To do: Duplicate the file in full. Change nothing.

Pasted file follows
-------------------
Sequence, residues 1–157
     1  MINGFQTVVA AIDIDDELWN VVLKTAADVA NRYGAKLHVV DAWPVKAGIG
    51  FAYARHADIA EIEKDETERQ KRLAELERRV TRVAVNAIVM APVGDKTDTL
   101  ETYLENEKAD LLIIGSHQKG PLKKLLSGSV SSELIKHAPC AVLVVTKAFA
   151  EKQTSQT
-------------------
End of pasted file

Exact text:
Sequence, residues 1–157
     1  MINGFQTVVA AIDIDDELWN VVLKTAADVA NRYGAKLHVV DAWPVKAGIG
    51  FAYARHADIA EIEKDETERQ KRLAELERRV TRVAVNAIVM APVGDKTDTL
   101  ETYLENEKAD LLIIGSHQKG PLKKLLSGSV SSELIKHAPC AVLVVTKAFA
   151  EKQTSQT